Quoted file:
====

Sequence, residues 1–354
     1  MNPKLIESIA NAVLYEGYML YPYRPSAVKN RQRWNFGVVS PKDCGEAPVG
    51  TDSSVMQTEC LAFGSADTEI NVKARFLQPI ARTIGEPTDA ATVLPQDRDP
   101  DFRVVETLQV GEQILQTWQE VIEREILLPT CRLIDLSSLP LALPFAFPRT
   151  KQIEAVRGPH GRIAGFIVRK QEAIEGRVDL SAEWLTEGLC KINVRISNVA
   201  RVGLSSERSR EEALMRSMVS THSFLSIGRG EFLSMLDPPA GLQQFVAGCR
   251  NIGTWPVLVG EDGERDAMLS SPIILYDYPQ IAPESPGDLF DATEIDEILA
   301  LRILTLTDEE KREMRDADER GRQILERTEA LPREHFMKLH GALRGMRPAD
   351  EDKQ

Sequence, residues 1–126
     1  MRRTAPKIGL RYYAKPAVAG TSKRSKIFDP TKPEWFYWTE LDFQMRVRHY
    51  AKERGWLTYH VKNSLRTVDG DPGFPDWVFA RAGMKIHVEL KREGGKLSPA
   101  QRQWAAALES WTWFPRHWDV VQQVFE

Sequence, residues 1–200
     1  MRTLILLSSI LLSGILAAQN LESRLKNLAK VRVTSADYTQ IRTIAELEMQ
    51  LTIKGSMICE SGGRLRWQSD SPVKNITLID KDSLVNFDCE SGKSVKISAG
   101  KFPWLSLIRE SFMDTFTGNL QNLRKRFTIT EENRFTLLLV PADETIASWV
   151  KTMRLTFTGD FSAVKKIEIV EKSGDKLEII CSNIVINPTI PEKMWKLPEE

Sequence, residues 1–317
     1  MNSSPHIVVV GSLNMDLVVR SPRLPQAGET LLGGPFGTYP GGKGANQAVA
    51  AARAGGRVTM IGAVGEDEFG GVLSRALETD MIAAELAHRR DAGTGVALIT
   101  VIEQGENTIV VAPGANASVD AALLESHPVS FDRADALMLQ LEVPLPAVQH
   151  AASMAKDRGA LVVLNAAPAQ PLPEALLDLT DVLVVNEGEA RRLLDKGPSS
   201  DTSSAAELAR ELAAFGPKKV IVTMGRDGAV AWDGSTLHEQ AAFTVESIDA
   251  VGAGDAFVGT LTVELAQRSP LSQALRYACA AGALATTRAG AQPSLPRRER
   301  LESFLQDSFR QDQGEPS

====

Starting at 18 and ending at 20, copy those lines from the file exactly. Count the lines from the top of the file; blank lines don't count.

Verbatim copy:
   151  KTMRLTFTGD FSAVKKIEIV EKSGDKLEII CSNIVINPTI PEKMWKLPEE

Sequence, residues 1–317
     1  MNSSPHIVVV GSLNMDLVVR SPRLPQAGET LLGGPFGTYP GGKGANQAVA